The director is continuing to pursue big plans. He wants to get an elevator installed in the building and wants to expand the art garden behind the building. He is seeking grants for both projects.

"You've done an excellent job to bring exposure to GO ART! and the building," said Andrew Young, chairman of the committee. "It's heads and shoulders above what we've seen in recent years. I see and hear about GO ART! activities everywhere and it seems to be paying dividends for you."

Hallock said the credit doesn't belong to just him alone.

"We have an awesome board and staff," Hallock said. "I'm the only one with a degree but everyone is passionate about it."

March 5, 2019 - 5:23pm

From Thomas Hancock, on behalf of Batavia High School Class of '86:

On Aug. 31st, Michael A. Tenebruso, 50, succumbed to the complications of battling cancer for the better part of six years.

During those six years, Mike had many setbacks but continued his courageous and valiant fight by focusing on his many victories.

Victories such as: putting his cancer in remission for a time; being hired as a principal at Hillary Park Academy within the Buffalo Public Schools; being asked to be the guest speaker for the Pink Hatters; and most importantly, raising his three beautiful children Nick, Anna and Nate.

The positivity that he invoked in others was awe-inspiring. Not only was he a role model to his family and friends, but to the thousands of young lives that he impacted through his educational leadership.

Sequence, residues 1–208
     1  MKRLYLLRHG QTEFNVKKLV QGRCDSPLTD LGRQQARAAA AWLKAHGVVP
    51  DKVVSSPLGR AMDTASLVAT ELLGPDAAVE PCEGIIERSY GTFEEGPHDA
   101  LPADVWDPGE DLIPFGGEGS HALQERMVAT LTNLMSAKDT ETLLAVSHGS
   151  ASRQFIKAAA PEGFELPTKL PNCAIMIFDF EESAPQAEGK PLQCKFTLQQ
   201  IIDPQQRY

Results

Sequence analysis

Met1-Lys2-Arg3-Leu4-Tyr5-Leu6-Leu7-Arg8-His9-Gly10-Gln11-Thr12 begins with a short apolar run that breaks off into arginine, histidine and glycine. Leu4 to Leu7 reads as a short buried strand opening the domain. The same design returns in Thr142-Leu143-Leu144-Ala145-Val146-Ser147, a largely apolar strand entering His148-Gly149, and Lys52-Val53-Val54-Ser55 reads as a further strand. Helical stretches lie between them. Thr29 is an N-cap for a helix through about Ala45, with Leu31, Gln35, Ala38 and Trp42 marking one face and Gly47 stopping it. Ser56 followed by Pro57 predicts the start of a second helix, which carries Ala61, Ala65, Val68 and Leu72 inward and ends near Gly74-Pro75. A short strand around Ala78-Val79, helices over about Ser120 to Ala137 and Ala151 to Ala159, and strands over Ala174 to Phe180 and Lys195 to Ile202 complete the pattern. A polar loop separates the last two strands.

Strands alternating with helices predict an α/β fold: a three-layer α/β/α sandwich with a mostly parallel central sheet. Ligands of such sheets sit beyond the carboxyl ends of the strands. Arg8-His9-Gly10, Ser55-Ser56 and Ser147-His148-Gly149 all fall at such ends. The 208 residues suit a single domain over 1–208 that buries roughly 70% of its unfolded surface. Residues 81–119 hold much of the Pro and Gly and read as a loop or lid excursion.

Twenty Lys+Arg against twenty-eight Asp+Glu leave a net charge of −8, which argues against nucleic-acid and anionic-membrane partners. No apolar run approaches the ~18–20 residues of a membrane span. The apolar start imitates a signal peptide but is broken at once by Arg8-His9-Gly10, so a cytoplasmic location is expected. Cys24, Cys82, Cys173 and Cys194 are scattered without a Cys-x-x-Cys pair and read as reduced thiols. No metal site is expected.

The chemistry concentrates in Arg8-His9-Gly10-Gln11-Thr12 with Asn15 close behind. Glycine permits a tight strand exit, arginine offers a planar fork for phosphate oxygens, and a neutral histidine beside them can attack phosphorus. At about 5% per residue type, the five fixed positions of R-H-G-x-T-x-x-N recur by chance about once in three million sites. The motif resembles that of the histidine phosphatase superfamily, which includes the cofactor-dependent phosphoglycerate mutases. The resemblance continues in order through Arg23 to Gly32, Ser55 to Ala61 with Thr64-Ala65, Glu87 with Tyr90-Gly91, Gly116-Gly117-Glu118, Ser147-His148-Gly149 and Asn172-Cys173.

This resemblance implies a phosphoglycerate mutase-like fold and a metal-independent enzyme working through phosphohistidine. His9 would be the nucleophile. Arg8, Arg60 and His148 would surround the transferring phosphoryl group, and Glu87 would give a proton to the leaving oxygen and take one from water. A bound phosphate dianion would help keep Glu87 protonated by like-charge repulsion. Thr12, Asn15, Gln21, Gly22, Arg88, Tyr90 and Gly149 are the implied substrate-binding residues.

It is with that in mind, the members of the Batavia High School Class of 1986 want to honor Mike's memory with an ongoing educational scholarship.

Over the last six years, through multiple fund-raising efforts and events, people have come to aid Mike and his family through his ongoing battle against cancer.

The love and support present at each of the events was overwhelming, but of course well placed, because it was for Mike.

For those of us who were blessed enough to know Mike, we knew him for the following traits: positivity, tolerance, belief in others, friendship, passion, and his love for his fellow man.

Cancer was not a trait that I ever thought of when I thought of Mike. Granted, that insidious disease eventually took him from us, but it never defined him.

"The challenge and benefit of physical, mental and emotional growth isn't realized when you're knocked down. It comes when you decide, beyond all obstacles, beyond all naysayers, and beyond all pain to rise up and say 'AGAIN!' " -- Michael Tenebruso

Going forward we would like to celebrate Mike’s passion for education and life through a memorial scholarship in his name.

To do that, we are asking for your support.

I know we are just one of the many organizations and fundraisers that you support, but we would appreciate your donation to the March 30, 2019 Michael A. Tenebruso Scholarship bowling event. Currently it is a one-time event, but the goal is to make it an annual event until the scholarship can be self-funded.

About the Michael A. Tenebruso Scholarship bowling event hosted by BHS Class of 1986:

  • When and Where: Saturday, March 30 starting at 2 p.m. at T.F. Brown's Bowling Lanes (Registration starts shortly after 1 p.m.);
  • Who benefits: BHS Class of 1986 Michael A. Tenebruso Memorial Award;
  • Cost: $25 per bowler -- Teams of five, adults only, No Tap Tourny;
  • To sign up: email [email protected] or [email protected];
  • What's included in registration: Three games of bowling (nine pins=strike) and shoes, pay cash prize to top three places for both men and women ($150/$100/$75);
  • What will be available to buy: Your own food and drinks, Chinese auction chances, special items, Strike Pot, 50/50, gift certificates, additional raffles.

Attention Business Sponsors*:

  • Business sponsors of $250 or more get their name at the end of a lane on a 3' X 5' sign and registration for five bowlers.
  • Business sponsors of $150 to $249 get their name above a lane on 2' X 2' sign.
  • Business sponsors of $100 to $149 get their name above a lane on 1 1/2 ft. by 1 1/2 ft. sign.